Let’s start with giving kudos to Pittsburgh Steelers’ General Manager Kevin Colbert. Like us, he recognized one of the key areas on his roster where depth was a major concern and he went out and picked up Melvin Ingram. If there is any problem with this signing it isn’t with Colbert or Mike Tomlin or Ingram. It’s with the fans who might not truly understand why this has happened.
Why It Had to Happen
I’ve said in these pages and we’ve said on the podcast numerous times that there was a major, no, HUGE lack of depth at the outside linebacker position. Behind All-Pro T.J. Watt and second year player Alex Highsmith, the depth amounted to journeyman Cassius Marsh and rookie Quincy Roche. When you’re more notable for what you said about “not having fun in New England” than you are as a player then that’s concern number one and that’s Marsh. Roche was a guy thought to have gone earlier in the Draft so the Steelers were rightfully excited to get him.
Roche however is a 100% unproven talent at the NFL level. We cannot guarantee that he’ll even make the roster let alone see significant minutes in 2021. If you think those two are inexperienced and unproven then ask yourself who must be behind them?
What It Means and What It Doesn’t
I totally understand the excitement that fans have when a recognizable talent like Ingram is signed. He’s a former first round pick and former Pro Bowl player. But don’t you also have to ask yourself why such a talented player was available at this point? That leads me to the topic at hand.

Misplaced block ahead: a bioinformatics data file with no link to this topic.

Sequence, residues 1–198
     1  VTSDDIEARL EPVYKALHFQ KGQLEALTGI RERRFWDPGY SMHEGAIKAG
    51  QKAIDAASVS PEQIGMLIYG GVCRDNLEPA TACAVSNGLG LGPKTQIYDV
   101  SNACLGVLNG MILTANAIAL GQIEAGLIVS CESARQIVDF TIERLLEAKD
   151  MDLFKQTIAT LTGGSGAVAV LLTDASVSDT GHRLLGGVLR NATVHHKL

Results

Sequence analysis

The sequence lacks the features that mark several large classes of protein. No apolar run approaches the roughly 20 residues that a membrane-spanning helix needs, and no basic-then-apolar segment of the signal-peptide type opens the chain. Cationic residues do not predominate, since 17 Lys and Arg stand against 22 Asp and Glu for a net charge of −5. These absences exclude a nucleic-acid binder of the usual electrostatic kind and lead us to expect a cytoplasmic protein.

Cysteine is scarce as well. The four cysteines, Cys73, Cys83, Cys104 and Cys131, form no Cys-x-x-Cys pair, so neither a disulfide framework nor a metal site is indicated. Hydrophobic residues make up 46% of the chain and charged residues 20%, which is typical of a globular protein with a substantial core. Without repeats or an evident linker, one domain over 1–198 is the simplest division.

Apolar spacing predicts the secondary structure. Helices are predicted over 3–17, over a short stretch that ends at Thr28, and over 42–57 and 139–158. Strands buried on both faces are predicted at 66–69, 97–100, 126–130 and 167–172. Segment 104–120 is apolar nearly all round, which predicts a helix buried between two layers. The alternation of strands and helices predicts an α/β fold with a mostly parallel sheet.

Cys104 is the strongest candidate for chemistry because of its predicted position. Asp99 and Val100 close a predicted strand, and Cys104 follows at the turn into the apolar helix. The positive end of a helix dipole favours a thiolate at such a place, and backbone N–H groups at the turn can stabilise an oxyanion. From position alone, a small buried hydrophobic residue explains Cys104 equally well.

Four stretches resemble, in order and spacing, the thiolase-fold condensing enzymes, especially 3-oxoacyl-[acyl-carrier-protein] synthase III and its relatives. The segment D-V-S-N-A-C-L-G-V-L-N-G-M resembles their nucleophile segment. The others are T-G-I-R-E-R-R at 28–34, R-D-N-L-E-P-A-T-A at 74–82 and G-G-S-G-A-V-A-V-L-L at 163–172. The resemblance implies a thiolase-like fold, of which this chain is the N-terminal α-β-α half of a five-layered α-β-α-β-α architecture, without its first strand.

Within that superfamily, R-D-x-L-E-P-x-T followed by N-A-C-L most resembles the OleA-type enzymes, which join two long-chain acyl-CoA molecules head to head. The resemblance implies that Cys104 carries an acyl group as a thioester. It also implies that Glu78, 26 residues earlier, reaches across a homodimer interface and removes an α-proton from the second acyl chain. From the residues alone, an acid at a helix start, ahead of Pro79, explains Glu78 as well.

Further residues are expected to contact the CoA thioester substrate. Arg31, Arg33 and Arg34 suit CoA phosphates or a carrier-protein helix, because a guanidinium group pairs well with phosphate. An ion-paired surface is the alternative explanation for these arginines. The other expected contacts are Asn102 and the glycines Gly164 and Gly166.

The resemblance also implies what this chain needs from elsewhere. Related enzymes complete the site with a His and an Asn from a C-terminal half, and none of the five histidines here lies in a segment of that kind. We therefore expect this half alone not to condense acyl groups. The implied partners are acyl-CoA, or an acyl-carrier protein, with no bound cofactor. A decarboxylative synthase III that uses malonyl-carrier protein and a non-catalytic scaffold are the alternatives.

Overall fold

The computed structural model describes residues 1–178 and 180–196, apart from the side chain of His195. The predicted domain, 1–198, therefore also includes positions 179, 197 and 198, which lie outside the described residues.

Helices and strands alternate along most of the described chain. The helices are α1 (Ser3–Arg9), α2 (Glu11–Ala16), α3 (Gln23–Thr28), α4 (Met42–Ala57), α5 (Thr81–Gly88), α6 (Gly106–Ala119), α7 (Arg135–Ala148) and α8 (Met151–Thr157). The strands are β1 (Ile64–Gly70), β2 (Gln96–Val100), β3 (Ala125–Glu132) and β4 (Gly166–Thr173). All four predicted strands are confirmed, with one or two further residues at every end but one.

As of right now, meaning July 20th of 2021, Alex Highsmith is still going to be the starter at OLB. This in no way suggests that Ingram can’t have a terrific Training Camp and Preseason and unseat him but we are under no auspices that this will occur. Ingram has never been what I would call a “sack specialist.” His best season is 10.5 sacks in 2015 and 2017 and in seven games last season he didn’t have any.
While Highsmith didn’t collect a ton of sacks spotting for Bud Dupree and then taking over for him when Dupree was lost for the season, the potential is there. In five starts and 16 total games, Highsmith collected two sacks and an interception. Not eye-opening stats to be sure but let’s remember there have been rookie outside backers in Pittsburgh who started far worse.
The plan going into Training Camp is this. Watt and Highsmith are the starters. Ingram is your primary backup, perhaps even for both sides and Marsh, Roche and a litany of others will compete to be the other key reserve. Ingram signed a one-year, $4 million deal folks. That’s not exactly “come in and start and put up Pro Bowl numbers” kind of money. That doesn’t mean things can’t unravel that way but you shouldn’t expect it.